Mark Cuban thinks the NFL is biting off more than it can chew. Speaking with reporters on Sunday evening, then expanding on his initial thoughts in a 1,585-word Facebook post on Monday night, he argued that the league is overextending itself with Thursday Night Football and the return of late-season Saturday games. Cuban compared the NFL to Who Wants to Be a Millionaire? — which, once it reached phenomenon status in the early 2000s, went from being on once per week to every weeknight and effectively died — and thinks people will get sick of the product if the games aren’t confined to Sundays and Monday nights. “Pigs get fat,” Cuban said. “And they’re getting hoggy. When you try to take it too far, people turn the other way.”
The headline here — one apparently big enough to compel Cuban to elaborate at length on some off-the-cuff comments he made to a few basketball writers — is his claim the NFL will implode in 10 years. As ESPN’s Kevin Seifert points out, there are no numbers that back up Cuban’s assertions. Viewership for Thursday Night Football is solid, and it will obviously increase now that eight of the games are going to be on national television. Stats don’t support the notion that TNF games are particularly sloppier or more poorly played than ones on Sundays and Mondays. (Of course, there’s no metric for whether or not you enjoyed a game.) There aren’t any concrete signs the NFL is getting less popular or that putting football on three or four nights a week has been ruinous to their brand. There has to be a saturation point somewhere, but Roger Goodell hasn’t yet located it.
Regardless of whether Cuban is correct about the league’s imminent decline, he’s hitting on something that a not-insignificant amount of NFL fans think: We could do with a little less football.
One of of the great things about the NFL is that it’s convenient to follow. Because by necessity, football teams play only once per week, there’s not the content flood effect produced by something like the NBA’s 82-game schedule. Satellite TV ads might lead us to believe otherwise, but most sports fans have lives that prevent them from sinking into the couch for four hours every night to watch ballgames. I’m a committed basketball nerd, and I still miss out on a lot because of the sheer amount of stuff that happens in the NBA in a given week. The NFL is easier to grasp by dint of there being fewer games. You can settle in each Sunday afternoon and feel like you have a decent handle on the league. In this respect, Cuban’s right: Football is as popular as it is in part because there is not a lot of it.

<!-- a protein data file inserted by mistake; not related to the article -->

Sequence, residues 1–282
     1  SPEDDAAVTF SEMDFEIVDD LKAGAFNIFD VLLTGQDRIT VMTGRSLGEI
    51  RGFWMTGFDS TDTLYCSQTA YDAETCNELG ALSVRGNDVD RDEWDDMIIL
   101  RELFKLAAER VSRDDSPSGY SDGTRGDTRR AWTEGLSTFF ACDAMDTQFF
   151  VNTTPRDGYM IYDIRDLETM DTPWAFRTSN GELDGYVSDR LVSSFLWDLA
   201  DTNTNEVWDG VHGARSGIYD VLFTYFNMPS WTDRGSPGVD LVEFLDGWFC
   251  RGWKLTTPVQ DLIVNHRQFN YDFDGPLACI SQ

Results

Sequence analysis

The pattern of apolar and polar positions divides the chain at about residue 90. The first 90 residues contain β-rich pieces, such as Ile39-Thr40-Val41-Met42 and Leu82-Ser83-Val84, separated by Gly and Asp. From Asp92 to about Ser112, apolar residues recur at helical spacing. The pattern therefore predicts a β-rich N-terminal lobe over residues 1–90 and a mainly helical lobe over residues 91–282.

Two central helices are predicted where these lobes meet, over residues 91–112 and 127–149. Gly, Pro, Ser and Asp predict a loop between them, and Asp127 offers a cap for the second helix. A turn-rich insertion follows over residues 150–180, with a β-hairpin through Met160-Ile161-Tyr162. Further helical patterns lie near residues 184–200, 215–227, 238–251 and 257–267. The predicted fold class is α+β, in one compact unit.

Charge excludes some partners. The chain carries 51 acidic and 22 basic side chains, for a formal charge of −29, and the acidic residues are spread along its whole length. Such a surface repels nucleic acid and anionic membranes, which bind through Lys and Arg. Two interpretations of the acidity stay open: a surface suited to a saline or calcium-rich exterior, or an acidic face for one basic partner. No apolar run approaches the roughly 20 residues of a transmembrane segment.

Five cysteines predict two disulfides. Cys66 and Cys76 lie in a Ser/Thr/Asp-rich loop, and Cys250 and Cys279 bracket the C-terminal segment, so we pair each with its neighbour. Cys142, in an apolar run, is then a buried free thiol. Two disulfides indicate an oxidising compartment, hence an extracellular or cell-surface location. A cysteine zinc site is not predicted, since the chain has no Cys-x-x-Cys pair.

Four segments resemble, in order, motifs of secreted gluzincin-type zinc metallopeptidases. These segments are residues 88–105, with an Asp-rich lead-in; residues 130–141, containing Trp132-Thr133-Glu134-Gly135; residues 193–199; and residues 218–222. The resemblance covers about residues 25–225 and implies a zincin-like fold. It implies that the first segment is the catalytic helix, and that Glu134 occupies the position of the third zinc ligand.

I don’t watch many Thursday Night Football games. I’m just not at all in the mood for the NFL in the middle of the week. I prefer to settle into football for the majority of a single day, where the games are stacked on top of each other, which means there’s usually something compelling happening for six hours straight. There is something to be said for a sport that you can consume on Sunday, read about on Monday and largely forget about until it returns again the next week. The NFL allows you to have a life outside of it. I assume I’m in the minority in thinking this way, though. If people don’t want TNF, they’re not voting with their remotes.
If we’re to assume the NFL is sinkable, as Cuban suggests, it’s hard to know what will eventually sink it. It could be safety concerns or some unforeseen cultural shift in tastes. (We used to be a baseball nation; we’re now a football nation; we might be into something else in 50 years.) The NFL’s single-minded desire to expand its reach in service of increasingly obscene profits is as good a candidate as any other — greed is a form of stupidity — but there are no there are no indications the public’s appetite for football has been sated. Roger Goodell and company’s hogginess might turn people off, but it’s not yet keeping them from turning the channel.